Nay, that I cannot do, unless you could step out of your Line altogether.
If you cannot indicate this motion from left to right by yourself moving in it, then I beg you to describe it to me in words.
But learning just as certainly that his will is subject to laws, he does not and cannot believe this.
Every man, savage or sage, however incontestably reason and experiment may prove to him that it is impossible to imagine two different courses of action in precisely the same conditions, feels that without this irrational conception (which constitutes the essence of freedom) he cannot imagine life.
Without subtle ingenuity of mind, one cannot
make certain of the truth of their reports.
I do not mean by this that one substance cannot be more or less truly substance than another, for it has already been stated' that this is the case; but that no single substance admits of varying degrees within itself.
Thus, one and the same colour cannot be white and black.
We cannot in practice obtain an antecedent which is QUITE invariable, for this would require us to take account of the whole universe, since something not taken account of may prevent the expected effect.
It is only in those cases in which the unity of the system of appearances constituting a piece of matter has to be broken up, that the statement of what is happening cannot be made exclusively in terms of matter.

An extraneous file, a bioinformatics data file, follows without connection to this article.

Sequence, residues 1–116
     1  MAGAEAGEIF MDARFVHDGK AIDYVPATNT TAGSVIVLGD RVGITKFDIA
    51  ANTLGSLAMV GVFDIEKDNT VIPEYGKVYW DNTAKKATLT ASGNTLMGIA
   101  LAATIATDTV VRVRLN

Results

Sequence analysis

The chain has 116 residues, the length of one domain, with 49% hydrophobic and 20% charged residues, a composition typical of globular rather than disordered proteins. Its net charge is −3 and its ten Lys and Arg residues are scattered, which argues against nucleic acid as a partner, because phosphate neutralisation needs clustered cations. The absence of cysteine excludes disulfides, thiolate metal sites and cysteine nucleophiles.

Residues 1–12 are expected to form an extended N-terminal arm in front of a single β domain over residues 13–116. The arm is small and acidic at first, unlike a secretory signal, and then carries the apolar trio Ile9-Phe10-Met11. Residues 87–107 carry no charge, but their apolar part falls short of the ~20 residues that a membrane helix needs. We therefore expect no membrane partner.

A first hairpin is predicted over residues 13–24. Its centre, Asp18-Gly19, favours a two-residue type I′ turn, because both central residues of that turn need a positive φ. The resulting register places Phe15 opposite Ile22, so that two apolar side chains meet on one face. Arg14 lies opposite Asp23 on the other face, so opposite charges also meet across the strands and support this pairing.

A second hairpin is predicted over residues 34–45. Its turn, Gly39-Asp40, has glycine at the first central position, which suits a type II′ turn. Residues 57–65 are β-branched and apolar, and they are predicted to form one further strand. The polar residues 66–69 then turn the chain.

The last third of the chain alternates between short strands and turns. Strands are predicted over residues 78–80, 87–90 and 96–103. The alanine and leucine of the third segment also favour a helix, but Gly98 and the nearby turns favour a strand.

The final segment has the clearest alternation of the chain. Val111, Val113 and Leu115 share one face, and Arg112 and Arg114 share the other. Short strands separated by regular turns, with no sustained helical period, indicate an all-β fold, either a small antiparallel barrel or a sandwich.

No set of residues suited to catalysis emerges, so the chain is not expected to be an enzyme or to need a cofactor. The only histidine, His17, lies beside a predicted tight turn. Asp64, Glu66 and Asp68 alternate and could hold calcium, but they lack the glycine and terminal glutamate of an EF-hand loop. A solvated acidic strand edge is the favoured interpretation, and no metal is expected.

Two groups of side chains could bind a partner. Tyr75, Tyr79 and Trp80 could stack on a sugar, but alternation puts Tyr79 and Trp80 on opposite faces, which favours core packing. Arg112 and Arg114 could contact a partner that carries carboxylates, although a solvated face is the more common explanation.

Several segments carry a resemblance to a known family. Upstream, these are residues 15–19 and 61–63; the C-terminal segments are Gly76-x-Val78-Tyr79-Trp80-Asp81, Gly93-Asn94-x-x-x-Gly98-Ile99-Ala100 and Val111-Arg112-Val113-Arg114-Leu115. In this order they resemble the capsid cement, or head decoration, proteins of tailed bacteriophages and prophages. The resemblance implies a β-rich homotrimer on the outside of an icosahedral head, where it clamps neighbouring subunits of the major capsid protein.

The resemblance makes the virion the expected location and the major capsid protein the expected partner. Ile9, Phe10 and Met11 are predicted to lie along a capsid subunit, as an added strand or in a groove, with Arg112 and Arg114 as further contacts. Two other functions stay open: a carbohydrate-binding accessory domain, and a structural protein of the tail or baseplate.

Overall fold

For such a prince cannot
rely upon what he observes in quiet times, when citizens have need of the state, because then every one agrees with him; they all promise, and when death is far distant they all wish to die for him; but in troubled times, when the state has need of its citizens, then he finds but few.
Said Peter 'Though I cannot
sound The depths of such a man as you, Yet in your character I've found An inconsistency or two.
But if we allow, that the virtues of a good man and a good magistrate may be the same, and a citizen is one who obeys the magistrate, it follows that the virtue of the one cannot
in general be the same as the virtue of the other, although it may be true of some particular citizen; for the virtue of the magistrate must be different from the virtue of the citizen.
come at their ends by sending to Congress a learned, acute, and fluent speaker, if he be not one who, before he was appointed by the people to represent them, was appointed by Almighty God to stand for a fact,-- invincibly persuaded of that fact in himself,--so that the most confident and the most violent persons learn that here is resistance on which both impudence and terror are wasted, namely faith in a fact.
Surely it cannot
give you pleasure to read of the misfortunes of your friend--of his sorrows, and of the temptations which he experienced?
Could racks or wheels kill me so painfully as Sophia's--I cannot
bear the dreadful sound.